Surgeons Save 13-Year-Old Girl Who Suffered a Ruptured Brain Aneurysm
Contact: Michelle Pinto
NEW HYDE PARK, NY
Teenager Miele Alexander of Woodhaven is alive today—thanks to her mother making the right decision in rushing her to the hospital when she complained of severe head pain and a team of surgeons acting quickly to diagnose and treat a ruptured aneurysm.
“If it weren’t for you guys, I wouldn’t be here,’’ the 13-year-old said this week when she came back to Cohen Children’s Medical Center in New Hyde Park with her family to meet the press alongside her doctors, Mark Mittler, MD, and David Chalif, MD.
Miele was happily packing on June 9 for her senior trip when about 11 p.m. she suddenly collapsed from the pain of an agonizing headache. After assessing the situation, her mother, Lorrie Mckie, rushed Miele to the emergency department at Cohen.
During a press conference Tuesday at the hospital, Miele and her mom shared their stories and listened intently as the two surgeons who saved her life explained the complicated process of diagnosing a life-threatening brain aneurysm, not a common condition for a teenager.
According to Dr. Chalif, a neurosurgeon at North Shore University Hospital who specializes in brain aneurysms, a ruptured brain aneurysm in one so young is a very rare occurrence.
“The usual age of a patient experiencing an aneurysm of this type is between 55-60,” he said. “I’ve seen this in young people maybe three or four times in my entire career. From the bottom of my heart if someone asked me why I became a doctor it’s because of this. This is a story that really touched me as a doctor.”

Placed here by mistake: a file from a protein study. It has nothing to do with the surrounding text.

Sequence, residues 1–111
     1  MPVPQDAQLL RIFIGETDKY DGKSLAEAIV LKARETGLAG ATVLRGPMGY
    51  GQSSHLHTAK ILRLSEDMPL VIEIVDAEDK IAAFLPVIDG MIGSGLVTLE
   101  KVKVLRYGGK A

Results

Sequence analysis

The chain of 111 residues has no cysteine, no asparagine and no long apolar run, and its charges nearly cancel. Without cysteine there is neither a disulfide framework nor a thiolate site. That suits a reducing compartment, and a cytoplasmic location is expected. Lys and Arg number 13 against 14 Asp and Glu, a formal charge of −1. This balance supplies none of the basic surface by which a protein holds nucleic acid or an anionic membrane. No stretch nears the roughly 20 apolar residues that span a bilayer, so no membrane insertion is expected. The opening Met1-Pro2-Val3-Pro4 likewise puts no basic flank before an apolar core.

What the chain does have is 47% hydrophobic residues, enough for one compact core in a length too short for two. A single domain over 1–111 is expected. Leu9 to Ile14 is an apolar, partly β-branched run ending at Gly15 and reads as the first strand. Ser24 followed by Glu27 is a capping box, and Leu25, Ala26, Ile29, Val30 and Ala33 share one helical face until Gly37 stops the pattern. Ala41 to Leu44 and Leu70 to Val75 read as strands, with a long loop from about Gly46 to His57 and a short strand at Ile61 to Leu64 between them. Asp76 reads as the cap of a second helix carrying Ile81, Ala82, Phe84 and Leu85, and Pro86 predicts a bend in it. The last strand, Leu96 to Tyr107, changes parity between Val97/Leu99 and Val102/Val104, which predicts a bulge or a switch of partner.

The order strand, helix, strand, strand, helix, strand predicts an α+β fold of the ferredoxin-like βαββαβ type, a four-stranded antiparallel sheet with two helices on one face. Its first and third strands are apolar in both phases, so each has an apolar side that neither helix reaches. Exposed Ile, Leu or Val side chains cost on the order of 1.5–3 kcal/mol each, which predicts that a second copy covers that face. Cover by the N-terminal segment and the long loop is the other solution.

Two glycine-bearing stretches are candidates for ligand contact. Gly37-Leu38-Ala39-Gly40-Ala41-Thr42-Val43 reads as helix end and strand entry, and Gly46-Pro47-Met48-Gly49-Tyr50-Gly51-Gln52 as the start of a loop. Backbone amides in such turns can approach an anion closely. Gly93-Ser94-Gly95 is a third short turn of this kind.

Admitting that she remembers very little after telling her mother that “something is happening inside my head,” Miele recalled that the pain was so intense that she lost all control of her body. In fact, once she arrived at the hospital, she was closely monitored and continued to experience excruciating headaches, weakness and nausea.
Dr. Mittler, a pediatric neurosurgeon at Cohen, ordered a CT Head and CT Angiogram that proved his suspicion—a ruptured brain aneurysm, a rare occurrence in one so young. A brain aneurysm, a weak area in a blood-vessel wall of the brain that causes the vessel to bulge, could lead to a small amount of blood in the brain, which is called a subarachnoid hemorrhage. This was the cause of Miele’s headache.
The test result led to Miele being rushed to surgery, where Dr. Mittler inserted a draining tube into a ventricle in the brain to relieve the pressure caused by the buildup of excess fluid.
Following that procedure, Miele was transferred to North Shore University Hospital, where a cerebral angiogram on June 11 helped further clarify the location of the aneurysm. Due to its location and size, it was determined that Miele’s aneurysm would best be treated by surgical clipping. In this procedure, a craniotomy is performed through a small opening in the skull and the neurosurgeon places a clip around its base, cutting the blood flow to the aneurysm and allowing proper flow through normal vessels. The surgery was performed that day by Dr. Chalif, and Dr. Mittler.
A cerebral angiogram the next day revealed that the aneurysm was no longer present. After a 10-day ordeal, Miele was discharged on June 21, just in time to enjoy her summer vacation.
To watch the video about Miele’s extraordinary experience, please visit our Video Library and scroll down to Something Just Happened in My Head.